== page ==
fseat belts originally only front seats and those facing the rear exit, now all both public and chárter transport.
We have an advantage here when it comes to space. My village is surrounded by 7 other villages at the end of an 8-12k radius.
everything in between is Green belt, forest or agricultura where few people live. We also do not have front, back, or side yards
which means people live closer togather. In my village of 5000, "out of town is only a 5-10 minute walk. As a result 90% of our
primary students walk or bike to school. However our high school draws from 4 other villages, so those students need a bus ride.
For the few who live in between in the "campo" there are bus shelters at designated places, these are not scheduled stops, but
all one needs to do is wave their hand to get the bus to stop. For lower primary the driver has a list, and reserves seats at the
front for them, and the school has an aid or teacher at the bus stop to make sure they get on or off and too or from school.
For the high school kids, obviously on the school schedule their public bus is full enough to be economicly feasable. In keeping
with this the driver abandons his bus until school lets out, and takes another bus back to his base, from which he drives other buses
not a part of the school Schedule.
OT but since this is a bus site. Very Little cash changes hands as we have a series of different bus passes. In my case I sabe money by
paying for 20 rides village to city. So when boarding, except to say "hi" I have no contact with the driver, put my card on the scanner which
deducts a ride, and tells the driver where to let me off. School kids cards are free during school days, OAPs, card charges less. Some
companies pay for cards for their workers Good on woork days. Since my village is not a tourist village, my gripe is tourists who tend to
not follow the rules, even though they are posted in English. At the terminus one day there was an English couple behind me, with luggage.
Smiling I suggested to the woman, that they stow their luggage with my bike in the under carriage. She was about to when her sarky husband
said what business is it of yours, so she didn´t. But when they got to the pay point the driver informed him that all carry on that would not fit in
the overhead, had to go below, which meant he had to plow through those behind him to go below. We don´t allow eating or drinking or loud music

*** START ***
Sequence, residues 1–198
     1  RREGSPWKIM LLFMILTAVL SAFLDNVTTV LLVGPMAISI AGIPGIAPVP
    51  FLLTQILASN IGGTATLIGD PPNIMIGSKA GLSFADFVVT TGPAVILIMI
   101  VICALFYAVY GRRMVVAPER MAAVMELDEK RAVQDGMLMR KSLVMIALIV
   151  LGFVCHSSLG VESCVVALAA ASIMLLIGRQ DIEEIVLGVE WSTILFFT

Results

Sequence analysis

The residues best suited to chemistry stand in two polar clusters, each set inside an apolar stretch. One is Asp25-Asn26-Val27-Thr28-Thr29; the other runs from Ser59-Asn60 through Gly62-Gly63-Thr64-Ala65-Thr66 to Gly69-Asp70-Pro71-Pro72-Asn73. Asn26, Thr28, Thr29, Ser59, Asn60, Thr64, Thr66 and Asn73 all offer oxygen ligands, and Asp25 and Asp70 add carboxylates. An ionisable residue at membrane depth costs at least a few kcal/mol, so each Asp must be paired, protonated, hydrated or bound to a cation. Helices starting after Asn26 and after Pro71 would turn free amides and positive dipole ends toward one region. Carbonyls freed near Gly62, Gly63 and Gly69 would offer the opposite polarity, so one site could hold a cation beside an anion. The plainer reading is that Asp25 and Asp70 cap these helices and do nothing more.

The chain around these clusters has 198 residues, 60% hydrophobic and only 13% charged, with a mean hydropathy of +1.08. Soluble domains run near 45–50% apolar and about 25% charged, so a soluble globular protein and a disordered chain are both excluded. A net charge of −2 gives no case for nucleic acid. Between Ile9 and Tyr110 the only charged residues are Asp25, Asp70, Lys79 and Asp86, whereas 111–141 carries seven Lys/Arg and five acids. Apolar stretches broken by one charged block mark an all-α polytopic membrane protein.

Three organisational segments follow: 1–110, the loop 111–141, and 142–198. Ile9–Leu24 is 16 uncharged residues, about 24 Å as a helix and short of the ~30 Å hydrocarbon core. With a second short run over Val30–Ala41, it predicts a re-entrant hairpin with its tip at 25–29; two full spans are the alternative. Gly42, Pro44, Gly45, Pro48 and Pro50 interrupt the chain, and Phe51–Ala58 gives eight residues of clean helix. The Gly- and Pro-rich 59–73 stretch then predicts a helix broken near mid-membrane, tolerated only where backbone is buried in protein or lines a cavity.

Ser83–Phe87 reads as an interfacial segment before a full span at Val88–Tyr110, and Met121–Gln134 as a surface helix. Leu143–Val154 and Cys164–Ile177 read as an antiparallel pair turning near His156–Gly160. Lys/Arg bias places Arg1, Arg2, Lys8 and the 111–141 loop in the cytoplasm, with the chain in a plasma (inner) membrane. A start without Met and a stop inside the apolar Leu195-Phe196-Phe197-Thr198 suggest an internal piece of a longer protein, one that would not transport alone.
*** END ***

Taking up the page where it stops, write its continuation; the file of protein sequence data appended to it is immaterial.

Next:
on our public buses (some chárter buses have trays like airplanes though). Drivers don´t change much and most of the passengers are regular
so there is a lot of verbal communication between them (in French rural buses, there is often a hand shake with the driver from a male passenger and
a Kiss from a female - here there is usually a thank you, and have a nice day when deboarding) In the capital there are both bus and bike lanes. All our public
buses, have a two seat vacant space half way back on the right side, with a special door and lifting aparatus for Wheel chairs.
Security: all of our buses have transponders and radio access like airplanes. One day there was a forest fire btween the capital and the first stop, so
the radio informed the driver and his CRT generated a different rout to avoid it. We are an island, and occasionally get illegal boat people dumped in some cove
walk inland to take a bus to the city. One day for the first bus after noon, there was just a woman and myself waiting, she boarded as I stowed my bike, but between
us 4 black guys, all wearing flip flops and carrying Little plastic bags got on, did not talk and did not sit togather. I was sitting at the back. As we passed the last stop
before the city I walked to the front and asked "how many black people does he usually have mid day". The driver said "none" and pointed to his transponder which
showed a series of numbers, the first being a "7" which for airplanes indicates some sort of problem. I smiled and returned to my seat. As we entered the city some men
dressed like road workers installed some barriers indicating a detour into a park. The bus was surrounded, anda member of the Guardia Civil entered the rear and another at the
front, and asked everyone to deboard at the front to produce their national identity card (when we got back on, all the Blacks were being loaded into a pólice van. Lost time about
5 minutes. Since everyone is Spain is required to have (but not necessarily carry) a national identity card, no one can shout racism, because the driver and all the passengers were checked.